Will a different kind of ‘innovation hub’ open the future to food growth opportunities?

Discussion
Jan 23, 2019
Dale Buss

Through a special arrangement, presented here for discussion is a summary of a current article from the bi-monthly e-zine, CPGmatters.

Mondelēz International has launched an “innovation hub” called SnackFutures that aims to harness both internal and external resources, including early-stage entrepreneurs, to invent and reinvent products, brands and entire businesses in key strategic areas.

Many other consumer packaged goods (CPG) companies have initially kept dealings with startups more segregated, such as incubators and accelerator programs.

“The structure is indeed unusual, and that was intentional,” Brigette Wolf, head of SnackFutures Innovation, told CPGmatters. “SnackFutures is dedicated to unlocking snacking growth opportunities and is unique in several ways. We believe the best way to serve consumers in the future is by connecting world-class internal experts and talent with cutting-edge external partners to create exciting, forward-thinking solutions.”

Ms. Wolf said that Mondelēz was “mindful in how we wanted to set up SnackFutures’ approach to innovation. We are building relationships across our ecosystem of partners and entrepreneurs to be collaborative, flexible, experimental and grounded in curiosity and passion for consumers. It is not a one-size-fits-all.

“SnackFutures utilizes existing innovation approaches and gives us more dedicated resources to really accelerate our innovation activity. We’re learning and adjusting our approach based on what we see, and we think we’ve both a unique proposition here with inventing, reinventing and venturing under one roof.”

What’s more, the SnackFutures’ team reports to Tim Cofer, Mondelēz’s chief growth officer. “This means we will be able to fast-track development and iterations of certain products or steps in the R&D process as well as have a suite of capabilities on hand,” Ms. Wolf said.

Digital snack platforms and capabilities are one of the three high-growth areas that will be the focus of SnackFutures, including exploring snacks online and order and delivery of Mondelēz products. The other two main targets will be “well-being” snacks and ingredients, such as innovations that involve fruits and vegetables and gut health, and premium snacks and ingredients, such as those tailored to demographics or diet, such as seniors and vegans.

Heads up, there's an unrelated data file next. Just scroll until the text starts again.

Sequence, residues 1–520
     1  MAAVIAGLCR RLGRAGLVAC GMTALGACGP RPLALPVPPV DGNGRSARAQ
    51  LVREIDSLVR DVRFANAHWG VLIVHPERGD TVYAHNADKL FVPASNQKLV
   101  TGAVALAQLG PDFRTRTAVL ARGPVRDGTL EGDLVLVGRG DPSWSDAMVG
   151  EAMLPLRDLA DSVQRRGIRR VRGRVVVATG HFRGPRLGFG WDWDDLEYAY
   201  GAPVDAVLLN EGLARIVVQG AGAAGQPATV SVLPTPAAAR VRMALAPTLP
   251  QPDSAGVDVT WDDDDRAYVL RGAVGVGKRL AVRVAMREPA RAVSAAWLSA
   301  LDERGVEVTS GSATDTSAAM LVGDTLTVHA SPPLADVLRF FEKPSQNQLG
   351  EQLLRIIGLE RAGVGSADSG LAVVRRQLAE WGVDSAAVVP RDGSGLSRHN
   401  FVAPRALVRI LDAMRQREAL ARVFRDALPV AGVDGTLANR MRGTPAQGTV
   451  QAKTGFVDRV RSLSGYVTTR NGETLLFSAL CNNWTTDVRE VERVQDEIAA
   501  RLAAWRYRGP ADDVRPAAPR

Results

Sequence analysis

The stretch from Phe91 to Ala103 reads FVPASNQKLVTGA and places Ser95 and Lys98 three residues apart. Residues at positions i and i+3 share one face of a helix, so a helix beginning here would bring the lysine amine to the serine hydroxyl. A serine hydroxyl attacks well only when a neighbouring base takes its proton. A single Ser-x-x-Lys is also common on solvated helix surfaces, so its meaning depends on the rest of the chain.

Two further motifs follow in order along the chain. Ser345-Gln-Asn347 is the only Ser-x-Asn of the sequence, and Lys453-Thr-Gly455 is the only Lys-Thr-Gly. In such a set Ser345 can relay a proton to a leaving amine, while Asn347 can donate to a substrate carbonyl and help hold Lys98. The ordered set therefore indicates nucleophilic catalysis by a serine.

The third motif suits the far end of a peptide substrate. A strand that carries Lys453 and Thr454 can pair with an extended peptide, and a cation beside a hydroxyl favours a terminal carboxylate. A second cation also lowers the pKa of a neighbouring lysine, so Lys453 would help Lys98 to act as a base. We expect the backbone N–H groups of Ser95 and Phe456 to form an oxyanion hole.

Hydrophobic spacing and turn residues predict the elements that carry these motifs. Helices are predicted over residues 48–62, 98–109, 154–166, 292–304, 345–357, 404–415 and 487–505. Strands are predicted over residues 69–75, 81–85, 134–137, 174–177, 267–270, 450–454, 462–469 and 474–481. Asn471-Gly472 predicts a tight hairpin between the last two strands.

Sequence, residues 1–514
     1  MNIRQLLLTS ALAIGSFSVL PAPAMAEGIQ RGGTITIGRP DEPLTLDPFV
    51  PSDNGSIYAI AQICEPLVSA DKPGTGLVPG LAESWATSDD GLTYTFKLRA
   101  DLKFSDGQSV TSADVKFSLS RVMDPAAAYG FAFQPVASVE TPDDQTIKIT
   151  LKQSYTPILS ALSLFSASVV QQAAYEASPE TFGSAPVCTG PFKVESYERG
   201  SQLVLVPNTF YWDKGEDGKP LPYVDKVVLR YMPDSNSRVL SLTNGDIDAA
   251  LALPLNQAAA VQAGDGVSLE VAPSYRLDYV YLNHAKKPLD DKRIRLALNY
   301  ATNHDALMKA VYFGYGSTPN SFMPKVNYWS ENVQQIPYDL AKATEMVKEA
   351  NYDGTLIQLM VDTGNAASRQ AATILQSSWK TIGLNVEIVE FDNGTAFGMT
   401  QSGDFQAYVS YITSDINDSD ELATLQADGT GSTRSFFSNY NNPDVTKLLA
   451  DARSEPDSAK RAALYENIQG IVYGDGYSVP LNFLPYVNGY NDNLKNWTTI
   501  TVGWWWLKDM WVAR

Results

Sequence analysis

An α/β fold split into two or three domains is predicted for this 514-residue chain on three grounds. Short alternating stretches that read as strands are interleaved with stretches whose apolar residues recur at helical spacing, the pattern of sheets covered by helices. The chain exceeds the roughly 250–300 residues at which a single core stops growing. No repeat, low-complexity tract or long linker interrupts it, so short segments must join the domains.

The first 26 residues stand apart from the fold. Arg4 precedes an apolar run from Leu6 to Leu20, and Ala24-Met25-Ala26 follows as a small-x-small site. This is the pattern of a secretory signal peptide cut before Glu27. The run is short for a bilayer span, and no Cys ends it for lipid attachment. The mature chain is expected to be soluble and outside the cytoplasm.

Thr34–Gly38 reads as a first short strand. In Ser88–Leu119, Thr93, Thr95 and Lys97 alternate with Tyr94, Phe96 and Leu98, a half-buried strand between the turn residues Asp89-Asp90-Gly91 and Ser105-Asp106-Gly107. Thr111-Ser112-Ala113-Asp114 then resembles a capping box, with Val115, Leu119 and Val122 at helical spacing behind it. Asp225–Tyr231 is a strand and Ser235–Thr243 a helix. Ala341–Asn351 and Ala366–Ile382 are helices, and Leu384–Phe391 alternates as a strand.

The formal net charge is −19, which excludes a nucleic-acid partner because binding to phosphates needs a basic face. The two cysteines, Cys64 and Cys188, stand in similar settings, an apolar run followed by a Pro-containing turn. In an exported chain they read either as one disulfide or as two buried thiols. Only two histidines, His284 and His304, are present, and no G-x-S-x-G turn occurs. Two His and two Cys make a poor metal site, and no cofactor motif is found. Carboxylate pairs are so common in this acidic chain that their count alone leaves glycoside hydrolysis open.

The parent of iconic snack brands including Oreo, Ritz, BelVita, Cadbury, Toblerone and Sour Patch is positioning SnackFutures to contribute a robust $100 million to revenue growth by 2022.

DISCUSSION QUESTIONS: What challenges do major CPG companies face trying to collaborate with entrepreneurial talent? What advantages and disadvantages to you see in the way the SnackFutures program was designed?

Please practice The RetailWire Golden Rule when submitting your comments.
Braintrust
"Bringing innovation into the heart of the business is a bold move and it will only succeed if there is a willingness to engage across all parts of the business."
"Reid Hoffman, the founder of LinkedIn, once said; “start-up innovation requires that you to throw yourself off a cliff … and build the plane on the way down.” "
"Frequent communications and incentives and rewards will be key to keeping partners and entrepreneurs engaged."

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9 Comments on "Will a different kind of ‘innovation hub’ open the future to food growth opportunities?"


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David Katz
BrainTrust
Innovation culture at successful legacy companies is linear. One thing leads to another. Efficiency and optimization are highly valued. And innovation strategy is deliberate. Everyone knows where the company has been, where it is, where it is headed, and the plans to get there. Start-up culture is nonlinear. It values novelty. Start-up innovation is often inefficient at its onset, and strategies are emergent — they bubble up from all directions. Reid Hoffman, the founder of LinkedIn, once said; “start-up innovation requires that you to throw yourself off a cliff … and build the plane on the way down.”  For incumbents, the larger you are the faster you fall. It’s a common misconception that legacy cultures fail to identify non-linear innovations, that they’re stuck in the “old” way of doing things. In our experience, this is plain wrong. The real problem is that most non-linear innovation does not serve current customers, it disrupts the legacy process — which drives the bulk of the sales and cash flow — and it is often a big distraction for little immediate gain. Conversely, start-up cultures are… Read more »
Neil Saunders
BrainTrust